: Supreme Court adopts rule relating to Pro Bono following major disasters:

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    Supreme Court adopts rule relating to Pro Bono  
following major disastersBy Adam Korbitz, Government Relations Coordinator, State Bar of Wisconsin

    April 27, 2012 – The Wisconsin Supreme Court has adopted a new rule intended to streamline the provision of pro bono legal services following a major disaster, and has tentatively adopted another rules petition that will allow judges presiding over treatment courts to engage in ex parte communications.

    The court held a public hearing on both petitions on April 25, 2012.  Meeting in open administrative conference immediately following the public hearings, the court discussed and ultimately approved by a 7-0 vote Petition 11-07, which will amend Supreme Court rules by allowing out-of-state lawyers to practice pro bono temporarily in Wisconsin after a after a major disaster in Wisconsin.  The rule will also allow such lawyers to provide legal services in Wisconsin related to the lawyer’s practice in a jurisdiction affected by a major disaster.

    The petition, filed jointly by the Board of Administrative Oversight and the State Bar of Wisconsin, is patterned after a model rule adopted by the American Bar Association after Hurricanes Katrina and Rita in 2005.  According to the petition, the new rule vests authority in the Supreme Court to determine when an emergency due to a major disaster exists. When the Court determines an emergency exists in Wisconsin, out-of-state lawyers may provide pro bono services under supervision of a court-approved program.

    Likewise, when the highest court in another jurisdiction determines that an emergency exists in that jurisdiction, the Wisconsin Supreme Court may also make that determination. Under such circumstances, lawyers from the other jurisdiction may provide legal services in Wisconsin arising out of and reasonably relating to the lawyer’s practice in that jurisdiction.

    Under the new rule, out-of-state lawyers practicing in Wisconsin will be required to register with the Clerk of the Supreme Court and Court of Appeals within 30 days of beginning to provide services and to notify clients of the authority and limitations on the authority to practice in Wisconsin. These lawyers will also be subject to the disciplinary authority of the Wisconsin Supreme Court.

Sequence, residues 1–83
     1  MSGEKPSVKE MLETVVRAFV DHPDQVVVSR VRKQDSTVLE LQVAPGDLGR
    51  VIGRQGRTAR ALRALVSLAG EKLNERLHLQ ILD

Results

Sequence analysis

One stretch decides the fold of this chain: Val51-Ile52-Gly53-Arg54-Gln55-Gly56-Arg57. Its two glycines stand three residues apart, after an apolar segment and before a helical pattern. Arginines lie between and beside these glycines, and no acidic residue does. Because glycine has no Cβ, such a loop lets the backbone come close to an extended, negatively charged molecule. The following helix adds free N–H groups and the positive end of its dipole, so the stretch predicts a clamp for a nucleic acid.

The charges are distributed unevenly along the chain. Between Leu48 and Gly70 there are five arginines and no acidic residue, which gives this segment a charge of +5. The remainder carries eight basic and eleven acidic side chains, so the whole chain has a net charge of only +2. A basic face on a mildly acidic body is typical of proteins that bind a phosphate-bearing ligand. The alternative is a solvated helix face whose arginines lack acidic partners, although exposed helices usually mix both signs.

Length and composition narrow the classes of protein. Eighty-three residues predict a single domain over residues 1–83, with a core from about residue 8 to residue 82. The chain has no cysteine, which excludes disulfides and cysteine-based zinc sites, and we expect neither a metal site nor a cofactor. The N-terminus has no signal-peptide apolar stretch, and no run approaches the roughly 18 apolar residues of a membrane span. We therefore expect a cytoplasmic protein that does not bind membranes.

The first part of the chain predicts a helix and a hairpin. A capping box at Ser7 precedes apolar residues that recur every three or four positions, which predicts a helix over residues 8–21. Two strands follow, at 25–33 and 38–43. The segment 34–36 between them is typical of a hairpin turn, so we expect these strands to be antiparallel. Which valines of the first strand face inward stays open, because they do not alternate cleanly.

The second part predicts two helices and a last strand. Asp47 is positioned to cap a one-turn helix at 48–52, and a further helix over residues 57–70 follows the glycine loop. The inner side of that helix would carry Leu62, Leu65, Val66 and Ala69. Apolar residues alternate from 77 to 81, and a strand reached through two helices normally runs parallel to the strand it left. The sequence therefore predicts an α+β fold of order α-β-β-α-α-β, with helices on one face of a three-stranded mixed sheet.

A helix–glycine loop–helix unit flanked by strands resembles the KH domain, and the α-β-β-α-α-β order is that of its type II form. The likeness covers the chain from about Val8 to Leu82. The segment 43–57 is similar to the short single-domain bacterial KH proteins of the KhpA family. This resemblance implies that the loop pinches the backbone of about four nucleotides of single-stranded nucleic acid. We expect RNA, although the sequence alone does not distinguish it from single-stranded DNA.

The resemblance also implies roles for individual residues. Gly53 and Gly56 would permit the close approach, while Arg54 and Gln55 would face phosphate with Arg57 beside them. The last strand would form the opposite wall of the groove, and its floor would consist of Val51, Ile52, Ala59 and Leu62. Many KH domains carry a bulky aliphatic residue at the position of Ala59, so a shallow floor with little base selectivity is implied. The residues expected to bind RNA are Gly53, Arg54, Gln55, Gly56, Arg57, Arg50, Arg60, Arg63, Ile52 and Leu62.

According to Office of Lawyer Regulation Director Keith Sellen, who presented the petition to the court at the public hearing, 13 jurisdictions have adopted similar rules, 18 jurisdictions were considering similar rules, and six jurisdictions had decided not to adopt such a rule as of October 2011.

    Ex parte communications in treatment courts

    At the public hearing on April 25, the court also took testimony regarding Petition 11-09, which was filed by the Director of State Courts to amend SCR Chapter 60 to allow judges assigned to therapeutic or problem-solving courts (such as mental health courts, treatment courts, or veterans courts) to initiate, permit, engage in or consider ex parte communications that have been knowingly waived by participants. 

    During the open administrative conference that followed the public hearing, the court voted 7-0 to approve the rule change in concept, but asked the petitioners to submit a revised draft better defining the types of court dockets to which the rule would apply.  

    According to the petitioners, the purpose of the proposed rule change is to allow judges to assume a more interactive role with participants, treatment providers, probation officers, social workers and others working with such courts.  In particular, the rule will streamline the participation of judges in multidisciplinary treatment team meetings, which are typically conducted off the record and out of the presence of treatment court participants. The rule will allow judges to take part in these meetings and exchange information without violating the ethical prohibition on ex parte communications.

    The petition, which was based on ABA Model Rule of Judicial Conduct 2.9, was presented to the court by circuit court judges Elliott Levine of La Crosse, Kathryn Foster of Waukesha, and Lisa Stark of Eau Claire.

    Continue to monitor WisBar.org and visit the State Bar’s Government Relations page  for updated information on these and other budget issues.


    Rotunda Report is the State Bar of Wisconsin’s Government Relations e-newsletter that highlights legislative, judicial, and administrative developments that impact the legal profession and the justice system. It is published twice a month and is distributed free to attorneys, public officials and others who help shape public policy in Wisconsin. We invite your org pubaffairs wisbar suggestions to make the Rotunda Report more informative and useful and we encourage you to visit our website for the most current information about justice-related issues.

    © 2012, State Bar of Wisconsin